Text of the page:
Taming mavericks: Stanford researchers use synthetic magnetism to control light
Stanford researchers in physics and engineering have demonstrated a device that produces a synthetic magnetism to exert virtual
force on photons similar to the effect of magnets on electrons. The advance could yield a new class of nanoscale applications
that use light instead of electricity.
Professor Shanhui Fan (center), postdoc Zongfu Yu (right) and doctoral candidate Kejie Fang (left)
have used synthetic magnetism to control the flow of light at the nanoscale. (Photo: Norbert von der Groeben)
November 1, 2012
By Andrew Myers
Magnetically speaking, photons are the mavericks of the engineering world. Lacking electrical charge, they are free to run even
in the most intense magnetic fields. But all that may soon change. In a
published in Nature Photonics, an interdisciplinary
team of Stanford physicists and engineers reports that they have created a device that tames the flow of photons with synthetic
The process breaks a key law of physics known as the time-reversal symmetry of light and could yield an entirely new class of
devices that use light instead of electricity for applications ranging from scientific devices such as accelerators and microscopes
to speedier on-chip communications.
"This is a fundamentally new way to manipulate light flow. It presents a richness of photon control not seen before,"
a professor of electrical engineering at Stanford and senior author of the study.
The ability to use magnetic fields to redirect electrons is a founding principle of electronics, but a corollary for photons
has not previously existed. When an electron approaches a magnetic field, it meets resistance and opts to follow the path of
least effort, traveling in circular motion around the field. Similarly, this new device sends photons in a circular motion
around the synthetic magnetic field.
The Stanford solution capitalizes on recent research into photonic crystals – materials that can confine and release photons.
To fashion their device, the team members created a grid of tiny cavities etched in silicon, forming the photonic crystal.
By precisely applying electric current to the grid they can control – or "harmonically tune," as the researchers say – the photonic
crystal to synthesize magnetism and exert virtual force upon photons. The researchers refer to the synthetic magnetism as an
effective magnetic field.
The researchers reported that they were able to alter the radius of a photon's trajectory by varying the electrical current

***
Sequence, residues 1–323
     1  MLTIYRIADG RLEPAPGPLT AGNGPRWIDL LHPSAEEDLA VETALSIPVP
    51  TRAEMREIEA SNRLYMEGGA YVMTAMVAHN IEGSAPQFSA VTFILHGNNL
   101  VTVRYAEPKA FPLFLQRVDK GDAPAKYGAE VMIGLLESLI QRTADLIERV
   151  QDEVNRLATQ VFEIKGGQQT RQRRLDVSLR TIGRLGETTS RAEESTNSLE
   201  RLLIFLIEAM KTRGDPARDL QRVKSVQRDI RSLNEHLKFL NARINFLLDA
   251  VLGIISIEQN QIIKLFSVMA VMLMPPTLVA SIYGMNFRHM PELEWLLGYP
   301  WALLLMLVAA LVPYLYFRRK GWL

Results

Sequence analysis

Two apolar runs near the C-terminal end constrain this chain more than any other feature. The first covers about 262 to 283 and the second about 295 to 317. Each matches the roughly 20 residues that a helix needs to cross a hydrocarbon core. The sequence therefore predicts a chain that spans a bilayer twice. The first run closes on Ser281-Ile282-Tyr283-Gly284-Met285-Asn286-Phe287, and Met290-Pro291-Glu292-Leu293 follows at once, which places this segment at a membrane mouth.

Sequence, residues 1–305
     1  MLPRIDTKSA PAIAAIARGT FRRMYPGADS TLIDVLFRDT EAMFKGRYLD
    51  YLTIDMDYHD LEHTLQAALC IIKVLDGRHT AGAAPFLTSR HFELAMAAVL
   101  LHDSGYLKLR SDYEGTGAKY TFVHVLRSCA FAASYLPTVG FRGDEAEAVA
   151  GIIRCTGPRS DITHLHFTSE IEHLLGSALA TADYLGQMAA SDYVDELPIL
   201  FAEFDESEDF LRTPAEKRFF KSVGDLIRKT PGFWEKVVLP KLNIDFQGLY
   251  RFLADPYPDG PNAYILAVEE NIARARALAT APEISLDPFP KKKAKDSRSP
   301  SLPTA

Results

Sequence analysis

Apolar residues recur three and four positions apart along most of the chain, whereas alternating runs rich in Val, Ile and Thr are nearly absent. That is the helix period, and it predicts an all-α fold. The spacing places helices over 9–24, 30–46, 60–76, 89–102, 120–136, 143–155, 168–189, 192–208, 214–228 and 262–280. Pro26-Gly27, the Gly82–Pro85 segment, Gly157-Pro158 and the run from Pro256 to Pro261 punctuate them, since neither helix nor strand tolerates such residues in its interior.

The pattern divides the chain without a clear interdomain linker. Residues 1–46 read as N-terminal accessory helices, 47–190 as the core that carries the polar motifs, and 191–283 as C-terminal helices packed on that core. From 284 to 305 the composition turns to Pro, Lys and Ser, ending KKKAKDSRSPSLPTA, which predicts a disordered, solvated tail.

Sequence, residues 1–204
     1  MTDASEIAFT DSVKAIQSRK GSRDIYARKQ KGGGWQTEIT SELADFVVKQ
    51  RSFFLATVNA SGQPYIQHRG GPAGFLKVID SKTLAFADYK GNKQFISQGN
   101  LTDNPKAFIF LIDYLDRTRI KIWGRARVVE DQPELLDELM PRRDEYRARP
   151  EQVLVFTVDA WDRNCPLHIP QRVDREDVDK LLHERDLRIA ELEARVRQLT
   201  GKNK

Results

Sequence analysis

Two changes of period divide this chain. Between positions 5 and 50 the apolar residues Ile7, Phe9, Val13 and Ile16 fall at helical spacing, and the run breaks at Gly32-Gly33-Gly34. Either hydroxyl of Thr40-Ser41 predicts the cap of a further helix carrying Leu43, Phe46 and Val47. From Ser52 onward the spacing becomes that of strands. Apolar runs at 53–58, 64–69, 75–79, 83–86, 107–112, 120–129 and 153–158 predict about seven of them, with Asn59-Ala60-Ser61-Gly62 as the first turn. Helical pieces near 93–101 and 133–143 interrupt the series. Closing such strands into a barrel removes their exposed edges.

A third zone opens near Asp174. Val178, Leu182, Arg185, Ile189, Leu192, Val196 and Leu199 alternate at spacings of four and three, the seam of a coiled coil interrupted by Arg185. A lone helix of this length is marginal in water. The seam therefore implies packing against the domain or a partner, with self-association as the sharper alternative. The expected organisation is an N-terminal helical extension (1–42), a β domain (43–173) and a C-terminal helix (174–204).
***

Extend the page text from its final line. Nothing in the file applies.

applied to the photonic crystal and by manipulating the speed of the photons as they enter the system. Providing a great degree
of precision control over the photons' path, this dual mechanism allows the researchers to steer the light wherever they like.
In fashioning the device, the team has broken what is known in physics as the time-reversal symmetry of light.
Breaking time-reversal symmetry in essence introduces a charge on the photons that reacts to the effective magnetic
field the way an electron would to a real magnetic field.
For engineers, it means that a photon traveling forward will have different properties than when it is traveling backward,
the researchers said, and this yields promising technical possibilities. "The breaking of time-reversal symmetry is crucial
as it opens up novel ways to control light. We can, for instance, completely prevent light from traveling backward to eliminate
reflection," said Fan.
The new device, therefore, solves at least one major drawback of current photonic systems that use fiber optic cables.
Photons tend to reverse course in such systems, causing a form of reflective noise known as backscatter.
"Despite their smooth appearance, glass fibers are, photonically speaking, quite rough. This causes a certain amount of
backscatter, which degrades performance," said Kejie Fang, a doctoral candidate in physics at Stanford and the first author
of the study.
In essence, once a photon enters the new device it cannot go back. This quality, the researchers believe, will be key to
future applications of the technology, as it eliminates disorders such as signal loss common to fiber optics and other
"Our system is a clear direction toward demonstrating on-chip applications of a new type of light-based communication
device that solves a number of existing challenges," said Zongfu Yu, a postdoctoral researcher in Fan's lab and co-author
of the paper. "We're excited to see where it leads."
Andrew Myers is associate director of communications at the School of Engineering.